I was fortunate enough to visit different parts of the state as I was involved in research project under the Department of Arunachal Pradesh. I was fascinated by the hospitality of the simple and straightforward people. Some of these experiences touched my mind and brain heavily. It was sad to see how they were about to lose their rich culture by abandoning their own religion. I could feel how the locals have become disconnected from their roots after they stopped celebrating traditional festivals associated with their religion and culture. Many of the victims told us that they had converted to a foreign religion (Christianity) and burnt their religious and cultural objects at the instigation of that religion.
Whenever I visiting various parts of the North East that were victims of Christian conversion many of those who can never give up the importance of their religion helplessly admitted an important fact that the majority of converts are imprisoned in the hope of receiving government benefits. I had already heard this being discussed in different parts of India but even in reality I understood the depth of the issue. I have done some reading in this context and tried to share some things with the readers.
Janajati people now understand how they are being converted in the name of education and health services. The initiation of armed insurrection in the name of conversion is even worse. The wide-ranging spread of Christianity in the North-East in the decades before and after independence was largely motivated and encouraged by the Church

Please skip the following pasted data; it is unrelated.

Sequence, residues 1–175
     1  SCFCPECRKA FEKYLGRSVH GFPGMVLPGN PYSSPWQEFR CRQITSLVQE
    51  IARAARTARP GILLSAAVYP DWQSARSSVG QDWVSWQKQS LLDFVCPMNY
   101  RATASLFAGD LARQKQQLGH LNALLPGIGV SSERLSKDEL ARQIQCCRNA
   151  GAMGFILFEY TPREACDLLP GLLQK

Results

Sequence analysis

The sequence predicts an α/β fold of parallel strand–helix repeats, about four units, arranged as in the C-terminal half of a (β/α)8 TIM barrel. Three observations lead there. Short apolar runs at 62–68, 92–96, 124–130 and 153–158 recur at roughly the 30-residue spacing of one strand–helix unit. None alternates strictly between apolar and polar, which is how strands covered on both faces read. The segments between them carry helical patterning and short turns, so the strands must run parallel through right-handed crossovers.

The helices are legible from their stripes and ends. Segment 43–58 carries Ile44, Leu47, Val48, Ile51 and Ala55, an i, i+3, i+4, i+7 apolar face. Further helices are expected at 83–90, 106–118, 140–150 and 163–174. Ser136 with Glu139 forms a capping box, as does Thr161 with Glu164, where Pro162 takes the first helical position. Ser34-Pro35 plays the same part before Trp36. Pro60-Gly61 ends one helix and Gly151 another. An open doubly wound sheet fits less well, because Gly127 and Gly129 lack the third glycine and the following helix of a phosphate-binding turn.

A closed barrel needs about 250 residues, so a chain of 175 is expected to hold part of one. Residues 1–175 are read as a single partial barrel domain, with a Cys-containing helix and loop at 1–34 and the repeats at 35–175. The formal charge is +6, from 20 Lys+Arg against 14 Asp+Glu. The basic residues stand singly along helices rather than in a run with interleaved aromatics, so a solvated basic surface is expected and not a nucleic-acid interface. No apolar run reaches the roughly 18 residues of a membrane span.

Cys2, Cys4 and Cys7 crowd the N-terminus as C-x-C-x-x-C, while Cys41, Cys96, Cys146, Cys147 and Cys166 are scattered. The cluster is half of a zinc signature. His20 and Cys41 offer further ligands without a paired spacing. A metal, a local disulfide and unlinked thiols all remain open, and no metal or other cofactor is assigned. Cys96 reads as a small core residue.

Society and culture are two sides of the same coin. The conceptual understanding of culture as ‘part of the man-made environment’, more broadly the combination of artifacts (man-made products), agrifacts (farm produce), societies (social organisations, social institutions) and mentfacts (religious institutions) includes morality, law, society, and any other habits acquired as members of that particular society.’ Folklore part of Culture refers to oral literature (intangible) often referred to as ‘oral art’ material culture (tangible materials), social folk customs (includes all rituals associated with birth, puberty, marriage and death ceremonies); and folk art performances (folk songs, dances and drama are also regarded as intangible heritage).
It exists in the context of society such as various aspects Oral literature such as various prose narratives that depict myths, legends, stories, faith narratives, proverbs, wisdom-tales, folk songs, beliefs and beliefs, priests, chanting of oaths and mantras is another important aspect Each traditional group has some traditional knowledge holders, specialists in certain areas. They are Custodian of cultural heritage. Such experts and their work are useful for future generations. If we talk about Mizoram today, we will see that the traditional youth dormitory system of the Mizos disappeared due to the invasion of Christians. As a result, the age old knowledge system of the Mizos gradually disappeared. In other places where conversion has also occurred, Janajati people have moved away from their own culture and forgotten their identity. Therefore, people who believe in their own religion are facing difficult challenges including the dual benefits of constitution.